Teachers and Tutors on the same side?

August 17, 2018 at 8:53 pm Leave a comment

Dear Teacher in a brick and mortar school,

I can be your first line of defense! I can be your back up! I can be the echo that keeps on repeating. I can be the honest voice that tells the parent what next steps they can do to support their child.

When I see our student once a week, I get the most intensive and best opportunity to deliver high quality and individualized instruction. Please understand that I’m not just some kid who wants to make a few extra dollars on the side. This is my business and my livelihood.  I’m a licensed teacher who keeps up with professional development. I’m a teacher who takes 30 minutes to plan for EACH and EVERY one of my students. I’m a teacher who progress monitors, writes reports, and has to work hard to keep families engaged.

When you learn that one of your students has the privilege of working with a tutor, take the time to collaborate! Here’s a list of just a few ways to share information:

  1. Share your graphic organizers especially if they’re specific and/or required by your district.
  2. If a tutor shares a graphic organizer with you, be open to using it. The graphic organizer may work better for your student because it may have more scaffolding, more prompting questions, more visuals, increased spacing, highlighted lines for writing, or more.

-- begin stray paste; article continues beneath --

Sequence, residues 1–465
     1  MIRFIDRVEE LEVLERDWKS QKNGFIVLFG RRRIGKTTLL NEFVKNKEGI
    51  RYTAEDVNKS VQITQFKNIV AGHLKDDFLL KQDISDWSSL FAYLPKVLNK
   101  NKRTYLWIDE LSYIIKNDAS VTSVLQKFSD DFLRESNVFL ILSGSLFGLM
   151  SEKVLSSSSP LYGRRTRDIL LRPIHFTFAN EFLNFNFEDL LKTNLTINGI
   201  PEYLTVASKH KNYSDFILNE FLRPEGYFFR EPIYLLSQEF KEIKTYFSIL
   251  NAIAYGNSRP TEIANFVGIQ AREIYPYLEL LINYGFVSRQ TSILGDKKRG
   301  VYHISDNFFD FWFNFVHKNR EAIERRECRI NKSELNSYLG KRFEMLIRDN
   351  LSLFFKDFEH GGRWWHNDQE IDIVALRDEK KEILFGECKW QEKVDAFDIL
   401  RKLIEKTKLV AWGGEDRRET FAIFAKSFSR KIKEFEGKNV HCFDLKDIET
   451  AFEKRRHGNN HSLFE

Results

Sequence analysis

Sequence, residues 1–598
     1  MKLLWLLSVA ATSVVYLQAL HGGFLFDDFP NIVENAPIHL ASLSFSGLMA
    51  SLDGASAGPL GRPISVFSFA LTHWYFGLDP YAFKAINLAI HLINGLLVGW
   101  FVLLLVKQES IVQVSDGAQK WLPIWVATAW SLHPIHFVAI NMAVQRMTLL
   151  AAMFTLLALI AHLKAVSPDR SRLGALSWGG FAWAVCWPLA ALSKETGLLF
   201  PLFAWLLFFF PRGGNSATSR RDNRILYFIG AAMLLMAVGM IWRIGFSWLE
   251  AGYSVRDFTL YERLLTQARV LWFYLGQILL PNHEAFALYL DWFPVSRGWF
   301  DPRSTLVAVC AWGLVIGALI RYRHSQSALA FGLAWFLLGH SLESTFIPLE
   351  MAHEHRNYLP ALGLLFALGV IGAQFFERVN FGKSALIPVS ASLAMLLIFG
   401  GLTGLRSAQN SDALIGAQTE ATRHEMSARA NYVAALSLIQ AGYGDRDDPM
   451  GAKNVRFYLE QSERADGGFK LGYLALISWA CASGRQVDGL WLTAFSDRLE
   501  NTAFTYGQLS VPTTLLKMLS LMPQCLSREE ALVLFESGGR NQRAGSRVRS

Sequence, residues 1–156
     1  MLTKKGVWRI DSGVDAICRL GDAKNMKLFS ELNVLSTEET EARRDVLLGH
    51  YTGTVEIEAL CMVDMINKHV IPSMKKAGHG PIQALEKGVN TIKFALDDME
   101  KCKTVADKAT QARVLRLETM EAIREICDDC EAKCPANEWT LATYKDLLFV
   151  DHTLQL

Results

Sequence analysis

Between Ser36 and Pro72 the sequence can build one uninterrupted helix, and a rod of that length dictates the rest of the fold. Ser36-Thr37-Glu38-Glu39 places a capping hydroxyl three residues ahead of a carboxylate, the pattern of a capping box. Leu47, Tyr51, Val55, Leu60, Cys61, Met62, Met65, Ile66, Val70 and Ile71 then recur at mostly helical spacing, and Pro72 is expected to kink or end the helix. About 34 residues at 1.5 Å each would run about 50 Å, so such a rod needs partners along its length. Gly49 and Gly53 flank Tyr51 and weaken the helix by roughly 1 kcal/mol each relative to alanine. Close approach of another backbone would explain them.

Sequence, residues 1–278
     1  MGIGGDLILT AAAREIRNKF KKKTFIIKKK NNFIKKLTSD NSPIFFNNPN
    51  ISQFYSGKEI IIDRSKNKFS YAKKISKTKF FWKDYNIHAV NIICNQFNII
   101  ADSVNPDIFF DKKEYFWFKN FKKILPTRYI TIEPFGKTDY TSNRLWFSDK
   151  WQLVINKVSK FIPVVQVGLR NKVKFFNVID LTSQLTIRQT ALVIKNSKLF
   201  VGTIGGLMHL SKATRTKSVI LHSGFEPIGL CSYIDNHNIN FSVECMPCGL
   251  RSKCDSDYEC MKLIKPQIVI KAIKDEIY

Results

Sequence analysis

3. Keep your student’s tutor up to date on his reading level. We like to use our own assessments but don’t want to skew your data by using the same tests (ie…DRA, Dibbles, etc…). Just a quick email on his progress is greatly appreciated.
  4. We should be emailing you strategies that are effective with our student. As we get that precious 1:1 time, we get to really know the kiddo and see a variety of ways to reach the child. Let us share this knowledge with you to increase the student’s success in the classroom!
  5. Include us on your weekly or monthly newsletter and let us know the areas of study. We’ll be happy to find texts on the Mayans, Colorado History, or cells!
  6. Verbiage! Is there specific language that you use in your classroom to help with writing? Decoding? Comprehension? Share this information to keep continuity for our student.
  7. Check your worksheets and share what type of paper that you use in your class. Do you use Learning Without Tears paper, highlighted paper, college ruled, dashed paper, paper that has space for illustrations, or something else? Share this with your child’s tutor.
  8. Collaborate on how to support a child with an I.E.P. What accommodations are used daily that the tutor needs to create in her learning environment?
  9. Are there special considerations with the child or family that need to be discussed in order for the child to be successful in the classroom? Let’s share these needs!
  10. Resources! Why reinvent the wheel? Ask and share with each other on different tools to enhance learning! This can include: apps, reading materials, organizers, blogs, curriculum, online textbooks, and so much more!

As the school year has started, let’s remember that we’re all here for the education of children!

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